The future of EU students considering courses at English universities is still clouded in uncertainty because of Brexit.
The Department for Education announced last year that EU students studying in England from 2019 would maintain the same privileges as UK students, namely home fees status and access to student loans.
"But life after Brexit, which is now scheduled for October 31, could see EU students paying international fees and losing their access to financial support," Euronews correspondent Amanda Coakley reports.
In a statement to Euronews, the Department said it would provide sufficient notice on fee arrangements ahead of the 2020 academic year and subsequent years.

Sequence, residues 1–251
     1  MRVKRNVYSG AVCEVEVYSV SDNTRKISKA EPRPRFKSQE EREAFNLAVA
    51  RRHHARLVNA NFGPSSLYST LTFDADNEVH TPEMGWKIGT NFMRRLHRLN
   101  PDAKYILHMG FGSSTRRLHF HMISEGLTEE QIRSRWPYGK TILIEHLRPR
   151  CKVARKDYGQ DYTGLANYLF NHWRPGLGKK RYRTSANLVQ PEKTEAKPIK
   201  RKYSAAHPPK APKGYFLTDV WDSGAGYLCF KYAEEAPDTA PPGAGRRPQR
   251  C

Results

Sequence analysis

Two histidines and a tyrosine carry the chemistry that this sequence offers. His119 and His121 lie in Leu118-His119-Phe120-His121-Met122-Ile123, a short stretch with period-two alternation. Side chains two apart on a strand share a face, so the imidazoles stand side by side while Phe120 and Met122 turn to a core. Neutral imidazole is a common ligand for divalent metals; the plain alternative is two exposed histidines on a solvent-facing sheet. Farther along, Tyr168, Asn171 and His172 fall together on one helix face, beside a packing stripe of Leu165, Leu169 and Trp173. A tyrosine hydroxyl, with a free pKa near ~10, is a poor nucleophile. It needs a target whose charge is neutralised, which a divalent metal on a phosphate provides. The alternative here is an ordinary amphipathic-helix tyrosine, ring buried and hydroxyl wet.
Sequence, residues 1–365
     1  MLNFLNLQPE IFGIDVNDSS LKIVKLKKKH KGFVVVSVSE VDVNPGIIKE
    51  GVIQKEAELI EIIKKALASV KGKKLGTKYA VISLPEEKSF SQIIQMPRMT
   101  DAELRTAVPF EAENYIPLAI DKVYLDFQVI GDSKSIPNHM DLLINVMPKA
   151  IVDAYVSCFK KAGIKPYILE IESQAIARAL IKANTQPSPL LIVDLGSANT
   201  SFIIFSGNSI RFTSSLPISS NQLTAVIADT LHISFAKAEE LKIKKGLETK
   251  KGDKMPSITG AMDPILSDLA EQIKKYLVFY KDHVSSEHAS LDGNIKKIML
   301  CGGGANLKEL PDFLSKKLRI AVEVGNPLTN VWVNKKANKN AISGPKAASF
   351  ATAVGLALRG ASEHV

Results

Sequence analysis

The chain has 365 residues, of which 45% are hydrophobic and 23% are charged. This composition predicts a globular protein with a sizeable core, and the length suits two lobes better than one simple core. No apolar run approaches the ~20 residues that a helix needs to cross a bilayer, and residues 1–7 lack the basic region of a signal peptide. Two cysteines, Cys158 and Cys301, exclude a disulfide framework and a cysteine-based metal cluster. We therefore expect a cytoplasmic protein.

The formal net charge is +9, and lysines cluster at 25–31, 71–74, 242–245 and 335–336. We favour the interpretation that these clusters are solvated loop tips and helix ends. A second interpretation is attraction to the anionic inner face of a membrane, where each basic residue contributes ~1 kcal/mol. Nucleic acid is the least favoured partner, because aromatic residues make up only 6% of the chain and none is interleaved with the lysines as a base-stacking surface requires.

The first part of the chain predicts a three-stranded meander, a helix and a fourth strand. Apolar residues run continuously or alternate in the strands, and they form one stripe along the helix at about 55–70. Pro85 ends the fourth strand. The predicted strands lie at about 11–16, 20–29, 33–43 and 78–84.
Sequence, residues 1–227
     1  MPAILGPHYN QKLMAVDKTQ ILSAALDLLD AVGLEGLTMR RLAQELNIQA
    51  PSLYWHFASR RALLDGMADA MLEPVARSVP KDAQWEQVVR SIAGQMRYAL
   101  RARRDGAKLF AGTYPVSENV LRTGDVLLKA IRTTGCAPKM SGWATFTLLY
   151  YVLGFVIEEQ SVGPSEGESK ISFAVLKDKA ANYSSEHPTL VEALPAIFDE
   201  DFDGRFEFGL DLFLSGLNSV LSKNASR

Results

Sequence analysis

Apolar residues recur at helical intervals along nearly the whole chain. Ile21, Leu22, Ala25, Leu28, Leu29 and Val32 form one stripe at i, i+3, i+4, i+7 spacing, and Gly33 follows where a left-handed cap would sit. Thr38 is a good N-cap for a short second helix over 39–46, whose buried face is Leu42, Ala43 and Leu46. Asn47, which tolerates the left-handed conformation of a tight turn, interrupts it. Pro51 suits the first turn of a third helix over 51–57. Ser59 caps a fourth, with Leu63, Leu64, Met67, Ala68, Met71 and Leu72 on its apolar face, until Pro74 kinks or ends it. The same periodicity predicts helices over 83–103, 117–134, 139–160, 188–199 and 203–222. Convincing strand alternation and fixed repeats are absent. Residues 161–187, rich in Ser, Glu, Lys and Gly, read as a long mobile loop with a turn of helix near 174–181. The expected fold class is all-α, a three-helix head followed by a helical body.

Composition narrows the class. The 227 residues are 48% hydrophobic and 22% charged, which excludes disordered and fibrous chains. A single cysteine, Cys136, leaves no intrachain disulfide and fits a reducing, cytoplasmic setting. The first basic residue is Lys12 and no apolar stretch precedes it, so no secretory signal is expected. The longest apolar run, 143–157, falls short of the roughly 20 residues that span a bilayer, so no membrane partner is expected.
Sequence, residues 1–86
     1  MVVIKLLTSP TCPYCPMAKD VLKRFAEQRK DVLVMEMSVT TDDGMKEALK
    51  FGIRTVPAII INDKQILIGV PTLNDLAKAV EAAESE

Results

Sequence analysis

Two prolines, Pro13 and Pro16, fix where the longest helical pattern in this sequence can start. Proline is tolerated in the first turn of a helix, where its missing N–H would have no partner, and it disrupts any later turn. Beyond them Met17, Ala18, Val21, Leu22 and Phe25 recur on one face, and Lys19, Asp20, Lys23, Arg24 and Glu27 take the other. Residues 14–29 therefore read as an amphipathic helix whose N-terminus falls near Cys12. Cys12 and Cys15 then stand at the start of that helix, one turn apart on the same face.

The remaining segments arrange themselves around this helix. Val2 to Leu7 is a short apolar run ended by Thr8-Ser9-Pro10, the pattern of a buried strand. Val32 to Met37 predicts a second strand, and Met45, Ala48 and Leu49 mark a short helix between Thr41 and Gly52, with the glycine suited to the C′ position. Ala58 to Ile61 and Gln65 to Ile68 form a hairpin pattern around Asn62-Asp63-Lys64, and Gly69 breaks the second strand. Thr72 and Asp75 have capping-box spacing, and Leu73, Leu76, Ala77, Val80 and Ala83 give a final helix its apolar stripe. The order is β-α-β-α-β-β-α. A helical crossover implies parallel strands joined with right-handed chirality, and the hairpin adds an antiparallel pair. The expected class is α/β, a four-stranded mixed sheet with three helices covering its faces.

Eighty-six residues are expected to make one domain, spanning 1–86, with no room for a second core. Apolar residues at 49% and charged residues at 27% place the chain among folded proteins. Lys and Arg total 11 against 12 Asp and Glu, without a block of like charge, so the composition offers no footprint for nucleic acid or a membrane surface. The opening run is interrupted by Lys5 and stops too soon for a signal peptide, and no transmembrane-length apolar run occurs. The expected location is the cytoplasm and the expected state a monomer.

For many international students, that isn't enough.
“Most migrants tend to be from working class backgrounds like myself. There is no way we can afford international fees – I know for myself I definitely cannot," said 23-year-old Bella Frimpong.
Former Universities minister Sam Gyimah, a Remainer who resigned from his position last November in protest against Theresa May’s EU divorce plan, believes that Brexit is the perfect storm for higher education.
“Moving EU students on to an international fees system – which would be a lot more expensive for them – coupled with other changes to our immigration system, I think would be bad for our universities. So we want certainty and clarity as soon as possible," Gyimah told Euronews.
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